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Russia’s replacement for McDonald’s bans customers from taking photos after running out of fries and reportedly serving moldy burgers

One Vkusno & Tochka outlet has banned visitors from taking photos, Russian media reported.

Evgenia Novozhenina/Reuters

  • One Vkusno & Tochka restaurant has banned customers from taking photos, Russian media reported.
  • The move follows reports that the rebranded McDonald’s sold moldy burgers and ran out of fries.
  • The chain confirmed the rule to Podyom and said it was to stop other diners from being photographed.

The rebranded McDonald’s in Russia has banned customers from taking photos or filming without permission in one of its restaurants, according to a photo published by a Russian news outlet and reported by The Moscow Times.

The photo appears to show a list of rules that diners must abide by at one restaurant in Moscow, including not charging their phones, using roller skates, and using obscene language.

Russian outlet Podyom reported that the list was on display in the restaurant for customers to see.

A spokesperson for Vkusno & Tochka, or “Tasty and that’s it”, told Podyom they were the company’s internal rules and that the restrictions on photos related to safety and to prevent other diners from being photographed.

“Of course, we won’t prohibit people to take photos or videos at the table, but if other visitors complain, we can take measures in accordance with the rules,” the spokesperson told Podyom, per a translation by The Moscow Times.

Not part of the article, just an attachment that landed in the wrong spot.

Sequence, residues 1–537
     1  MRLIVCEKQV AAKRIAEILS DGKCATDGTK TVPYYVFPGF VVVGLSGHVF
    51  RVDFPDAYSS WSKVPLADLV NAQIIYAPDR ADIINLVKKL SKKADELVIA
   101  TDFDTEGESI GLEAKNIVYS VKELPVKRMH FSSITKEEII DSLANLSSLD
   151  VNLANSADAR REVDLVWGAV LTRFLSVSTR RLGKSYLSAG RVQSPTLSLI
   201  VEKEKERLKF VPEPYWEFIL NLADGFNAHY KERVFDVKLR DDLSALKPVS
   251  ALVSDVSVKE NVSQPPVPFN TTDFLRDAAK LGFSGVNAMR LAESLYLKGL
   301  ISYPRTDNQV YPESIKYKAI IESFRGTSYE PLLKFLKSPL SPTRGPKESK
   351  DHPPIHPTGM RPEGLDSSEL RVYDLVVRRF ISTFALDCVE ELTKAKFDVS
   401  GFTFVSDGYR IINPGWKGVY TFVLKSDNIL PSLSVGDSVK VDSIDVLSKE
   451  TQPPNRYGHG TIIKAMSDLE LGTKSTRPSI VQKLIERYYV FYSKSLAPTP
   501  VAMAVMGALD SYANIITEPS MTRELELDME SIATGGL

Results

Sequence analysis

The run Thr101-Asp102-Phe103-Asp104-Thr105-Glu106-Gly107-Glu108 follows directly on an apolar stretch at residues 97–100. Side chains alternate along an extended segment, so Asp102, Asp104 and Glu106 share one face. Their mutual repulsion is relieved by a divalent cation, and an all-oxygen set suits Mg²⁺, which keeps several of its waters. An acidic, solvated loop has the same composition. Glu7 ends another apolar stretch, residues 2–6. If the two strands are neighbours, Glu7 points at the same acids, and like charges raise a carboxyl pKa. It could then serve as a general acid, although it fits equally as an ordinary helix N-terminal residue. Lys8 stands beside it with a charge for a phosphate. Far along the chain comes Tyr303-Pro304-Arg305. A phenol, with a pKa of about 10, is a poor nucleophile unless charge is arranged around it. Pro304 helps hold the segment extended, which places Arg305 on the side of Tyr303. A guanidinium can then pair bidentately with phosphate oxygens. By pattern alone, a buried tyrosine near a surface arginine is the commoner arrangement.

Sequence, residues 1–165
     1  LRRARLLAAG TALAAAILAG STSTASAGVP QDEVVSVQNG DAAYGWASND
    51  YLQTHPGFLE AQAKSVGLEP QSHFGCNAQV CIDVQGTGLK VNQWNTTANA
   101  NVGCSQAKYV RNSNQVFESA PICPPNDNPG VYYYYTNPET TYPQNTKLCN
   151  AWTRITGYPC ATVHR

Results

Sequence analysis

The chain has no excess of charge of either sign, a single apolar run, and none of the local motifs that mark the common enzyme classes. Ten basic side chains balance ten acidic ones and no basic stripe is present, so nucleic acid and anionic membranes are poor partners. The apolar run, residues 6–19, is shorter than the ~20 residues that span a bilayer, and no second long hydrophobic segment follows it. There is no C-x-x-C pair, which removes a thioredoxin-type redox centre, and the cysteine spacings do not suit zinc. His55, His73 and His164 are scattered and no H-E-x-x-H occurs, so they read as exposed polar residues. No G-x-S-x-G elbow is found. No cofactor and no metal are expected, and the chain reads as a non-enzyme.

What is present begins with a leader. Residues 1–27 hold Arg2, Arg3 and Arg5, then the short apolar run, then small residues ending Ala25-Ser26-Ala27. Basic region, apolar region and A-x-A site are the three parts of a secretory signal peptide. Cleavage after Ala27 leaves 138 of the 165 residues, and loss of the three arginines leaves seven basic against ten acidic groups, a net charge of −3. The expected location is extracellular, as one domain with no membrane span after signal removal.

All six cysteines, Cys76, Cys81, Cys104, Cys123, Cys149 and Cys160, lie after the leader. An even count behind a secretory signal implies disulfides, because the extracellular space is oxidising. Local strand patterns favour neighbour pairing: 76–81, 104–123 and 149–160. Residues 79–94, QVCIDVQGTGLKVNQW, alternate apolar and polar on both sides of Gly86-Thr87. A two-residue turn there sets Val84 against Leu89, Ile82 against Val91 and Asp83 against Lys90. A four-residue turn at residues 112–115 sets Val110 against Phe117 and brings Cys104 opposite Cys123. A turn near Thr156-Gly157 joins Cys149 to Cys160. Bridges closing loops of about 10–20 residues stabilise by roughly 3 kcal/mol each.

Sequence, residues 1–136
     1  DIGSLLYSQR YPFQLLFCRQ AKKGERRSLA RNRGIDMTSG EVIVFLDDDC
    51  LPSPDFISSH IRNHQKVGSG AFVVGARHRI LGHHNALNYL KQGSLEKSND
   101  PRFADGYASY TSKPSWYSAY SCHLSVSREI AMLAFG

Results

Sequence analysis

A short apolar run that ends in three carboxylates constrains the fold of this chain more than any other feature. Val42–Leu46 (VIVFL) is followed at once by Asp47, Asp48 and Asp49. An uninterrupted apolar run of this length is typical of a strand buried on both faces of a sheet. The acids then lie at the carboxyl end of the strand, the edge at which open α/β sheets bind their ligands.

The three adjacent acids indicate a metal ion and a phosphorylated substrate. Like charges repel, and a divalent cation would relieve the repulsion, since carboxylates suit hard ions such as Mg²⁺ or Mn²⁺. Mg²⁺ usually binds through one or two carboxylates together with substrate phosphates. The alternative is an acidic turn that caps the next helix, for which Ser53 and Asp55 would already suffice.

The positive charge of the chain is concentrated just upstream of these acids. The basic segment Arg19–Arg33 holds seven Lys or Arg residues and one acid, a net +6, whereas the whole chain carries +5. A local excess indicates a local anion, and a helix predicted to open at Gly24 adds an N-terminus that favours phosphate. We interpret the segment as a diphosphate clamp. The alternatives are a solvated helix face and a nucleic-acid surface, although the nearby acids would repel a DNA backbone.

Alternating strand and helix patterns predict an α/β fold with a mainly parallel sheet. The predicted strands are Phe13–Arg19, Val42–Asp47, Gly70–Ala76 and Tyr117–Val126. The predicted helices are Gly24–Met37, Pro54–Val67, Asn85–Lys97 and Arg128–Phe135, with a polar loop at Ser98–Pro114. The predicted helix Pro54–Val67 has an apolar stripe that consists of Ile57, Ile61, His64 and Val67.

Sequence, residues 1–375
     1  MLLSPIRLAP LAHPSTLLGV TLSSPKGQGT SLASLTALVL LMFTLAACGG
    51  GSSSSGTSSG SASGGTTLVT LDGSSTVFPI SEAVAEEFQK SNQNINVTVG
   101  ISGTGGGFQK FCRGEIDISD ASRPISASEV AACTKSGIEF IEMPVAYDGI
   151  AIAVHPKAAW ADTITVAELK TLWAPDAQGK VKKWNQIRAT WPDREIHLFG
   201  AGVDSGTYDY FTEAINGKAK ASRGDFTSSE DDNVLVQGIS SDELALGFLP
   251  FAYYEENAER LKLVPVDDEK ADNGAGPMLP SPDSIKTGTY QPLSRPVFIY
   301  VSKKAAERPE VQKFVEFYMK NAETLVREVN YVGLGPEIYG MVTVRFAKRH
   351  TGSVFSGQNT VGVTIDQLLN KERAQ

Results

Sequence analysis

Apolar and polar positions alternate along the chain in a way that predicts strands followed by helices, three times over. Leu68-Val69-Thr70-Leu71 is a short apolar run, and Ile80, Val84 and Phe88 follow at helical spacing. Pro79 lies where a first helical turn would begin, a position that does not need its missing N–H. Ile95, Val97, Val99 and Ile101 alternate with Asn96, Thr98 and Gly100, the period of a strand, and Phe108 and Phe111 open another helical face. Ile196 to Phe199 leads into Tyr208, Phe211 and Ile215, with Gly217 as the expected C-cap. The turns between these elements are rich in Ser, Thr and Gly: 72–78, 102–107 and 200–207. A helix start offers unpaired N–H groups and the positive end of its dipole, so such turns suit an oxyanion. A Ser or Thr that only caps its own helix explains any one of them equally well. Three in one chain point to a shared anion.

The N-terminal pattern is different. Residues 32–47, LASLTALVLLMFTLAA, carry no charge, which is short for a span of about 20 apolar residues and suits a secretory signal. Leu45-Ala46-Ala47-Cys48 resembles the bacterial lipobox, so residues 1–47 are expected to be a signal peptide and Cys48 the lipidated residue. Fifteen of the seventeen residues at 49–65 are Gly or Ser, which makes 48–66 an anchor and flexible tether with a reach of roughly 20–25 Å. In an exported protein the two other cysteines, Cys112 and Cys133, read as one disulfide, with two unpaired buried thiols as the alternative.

The chain didn’t immediately respond to Insider’s request for comment on whether the rules were in place at every Vkusno & Tochka outlet.

It’s unclear when the list of rules was published, but Podyom’s report comes just days after claims emerged that the chain served diners moldy burger buns and expired sauce. It has also stopped selling fries, which Vkusno & Tochka blamed on a potato shortage.

Alexander Govor bought the majority of Russia’s McDonald’s outlets after the burger giant abandoned the country following its invasion of Ukraine, 32 years after it first came to Russia.

The restaurants began reopening on June 12 with a new menu, logo, and name. Despite no longer selling iconic McDonald’s menu items such as the Big Mac, Filet-O-Fish, and McFlurry, its CEO has said that the chain sold a record 120,000 burgers on its opening day at the flagship Moscow store.

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